Spectroscopy data were acquired using a 3T Varian INOVA system with a head optimised gradient coil (Tesla Engineering, Storrington, West Sussex, UK) and a head-only transmit/receive quadrature birdcage radiofrequency coil. Data were acquired from a 20 × 20 × 20 mm voxel placed in medial prefrontal cortex anterior to the genu of the corpus callosum (Figure 1). The voxel was positioned manually by reference to an axial T1-weighted gradient-echo image. PRESS data (Bottomley, 1987) with (TE 26 ms, TR 3 s, averages = 64) and without (TE 26 ms, TR 3 s, averages = 1) water suppressions were acquired. PRESS-J data (Hurd, et al., 2004) with and without water suppressions were similarly acquired with TE arrayed from 35 to 195 ms in 10 ms increments (water-suppressed data, total acquisitions = 128; non-water suppressed data, total acquisitions = 16; TR = 3 s). T1-weighted structural images of whole brain were acquired (2 mm3 voxel size). A higher resolution structural image was acquired on a separate occasion using a 1.5 T Siemens Sonata (Siemens, Camberley, UK) scanner using a Turbo FLASH sequence (TR 12 ms, TE 5.65 ms, voxel size = 1 mm3).
PRESS data were analysed with LCModel (Stephen Provencher Inc., Oakville, Ontario, Canada) (Provencher, 1993), using the non-water suppressed data for eddy current correction, calculating the metabolite concentrations relative to creatine in conventional fashion using 15 metabolite basis spectra and simulated lipid and macromolecule components. PRESS-J data were pre-processed by zero-order phase correction, apodisation with a 5 Hz Gaussian filter and summing of the 16 constituent spectra before analysis. Analysis of the PRESS-J data used Advanced Method for Accurate, Robust, and Efficient Spectral fitting (AMARES) (Vanhamme, et al., 1997) since metabolite basis spectra were not available for PRESS-J acquisitions, and the spectral simplification and flat baselines obtained with this technique in vivo make direct single peak fitting reliable (Hurd, et al., 2004).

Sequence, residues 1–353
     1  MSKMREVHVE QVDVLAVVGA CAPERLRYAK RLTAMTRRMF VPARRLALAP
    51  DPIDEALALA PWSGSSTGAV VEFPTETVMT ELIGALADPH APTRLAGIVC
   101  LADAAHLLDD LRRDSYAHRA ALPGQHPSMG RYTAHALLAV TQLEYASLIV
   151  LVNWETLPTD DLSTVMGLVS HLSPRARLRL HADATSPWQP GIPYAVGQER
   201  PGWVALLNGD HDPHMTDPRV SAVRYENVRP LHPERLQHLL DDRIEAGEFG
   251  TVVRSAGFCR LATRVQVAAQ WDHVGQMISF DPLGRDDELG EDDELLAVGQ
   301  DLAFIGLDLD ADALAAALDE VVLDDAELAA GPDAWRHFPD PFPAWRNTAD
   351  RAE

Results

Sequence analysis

FMRIB Software Library (University of Oxford, Oxford, UK) FMRIB Automated Segmentation Tool (Zhang, et al., 2001) was used to segment the high-resolution structural brain images into grey matter, white matter and cerebrospinal fluid (CSF), to allow estimation of voxel composition.
The spectroscopy analyses using LCModel and AMARES yielded estimates of concentration relative to creatine. A level referenced to tissue water was also obtained for each measure by correcting for voxel creatine levels (Barker, et al., 1993). PRESS-J data were used to estimate both creatine and water levels at t = 0, that is, without effects of T2 decay. Since simply referencing to internal tissue water has been found to underestimate concentrations (Brooks, et al., 1999), the values referenced to tissue water were corrected for voxel CSF content and for differences in fractional grey and white matter water density (Lentner, 1981) to provide an estimate of absolute levels. In the absence of an external reference water standard, these are reported in arbitrary units.
Results were analysed using the general linear model with time (pre- and post-treatments) as the within subjects factor and group (placebo vs citalopram) as between subjects factor. For technical reasons, full data sets were not available for four participants. Sensitivity analyses were performed for the effect of including additional factors (gender) and covariates (age, difference in grey matter, white matter and CSF) in the model. Correlations were calculated as Pearson’s product-moment correlation coefficient (r2). Repeatability coefficients and coefficients of variation for data from the placebo group were calculated. Statistical analyses were performed in R (R Foundation for Statistical Computing, Vienna, Austria) (version 2.5) and SPSS (SPSS Inc., Chicago, IL, USA) (version 15).
Of the 23 participants, 13 received citalopram and 10 received placebo. The groups did not differ in baseline scores of anxiety and depression, days of treatment, or post-treatment mood or anxiety (Table 1).
The spectroscopy data acquired were from a medial prefrontal voxel incorporating pregenual cingulate cortex (Brodmann areas 24 and 32; Figure 1). The voxel composition did not differ between groups or between sessions, and on average, it contained 73% grey matter, 15% white matter and 12% CSF.
There was no significant effect of treatment on any of the MRS measures studied. No main effect of group or time, or group × time interactions were found on analyses of Glx, glutamate, myo-inositol, choline, N-acetylaspartate or creatine whether concentrations were expressed relative to creatine or as absolute concentrations (Figure 2).
Measures of Glx and glutamate showed good repeatability across sessions, with mean coefficients of variation of 5.3 and 6.8% for levels relative to creatine and 6.8 and 7.4% referenced to tissue water, with repeatability coefficients from 0.18 to 0.25. Some correlation between Glx and glutamate measures was observed (r2 = 0.22 with creatine referencing and r2 = 0.25 with water referencing, P < 0.05 in both cases).